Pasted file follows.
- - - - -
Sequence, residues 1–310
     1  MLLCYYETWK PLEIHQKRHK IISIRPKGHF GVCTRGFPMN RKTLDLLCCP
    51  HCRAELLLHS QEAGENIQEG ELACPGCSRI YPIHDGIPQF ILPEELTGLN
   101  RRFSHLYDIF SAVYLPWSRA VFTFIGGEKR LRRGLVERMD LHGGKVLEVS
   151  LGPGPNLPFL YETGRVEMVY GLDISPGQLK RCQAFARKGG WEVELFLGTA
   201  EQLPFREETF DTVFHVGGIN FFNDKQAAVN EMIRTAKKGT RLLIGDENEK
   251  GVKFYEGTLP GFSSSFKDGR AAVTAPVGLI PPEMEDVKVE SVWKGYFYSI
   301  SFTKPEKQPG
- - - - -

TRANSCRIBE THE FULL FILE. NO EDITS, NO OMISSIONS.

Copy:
Sequence, residues 1–310
     1  MLLCYYETWK PLEIHQKRHK IISIRPKGHF GVCTRGFPMN RKTLDLLCCP
    51  HCRAELLLHS QEAGENIQEG ELACPGCSRI YPIHDGIPQF ILPEELTGLN
   101  RRFSHLYDIF SAVYLPWSRA VFTFIGGEKR LRRGLVERMD LHGGKVLEVS
   151  LGPGPNLPFL YETGRVEMVY GLDISPGQLK RCQAFARKGG WEVELFLGTA
   201  EQLPFREETF DTVFHVGGIN FFNDKQAAVN EMIRTAKKGT RLLIGDENEK
   251  GVKFYEGTLP GFSSSFKDGR AAVTAPVGLI PPEMEDVKVE SVWKGYFYSI
   301  SFTKPEKQPG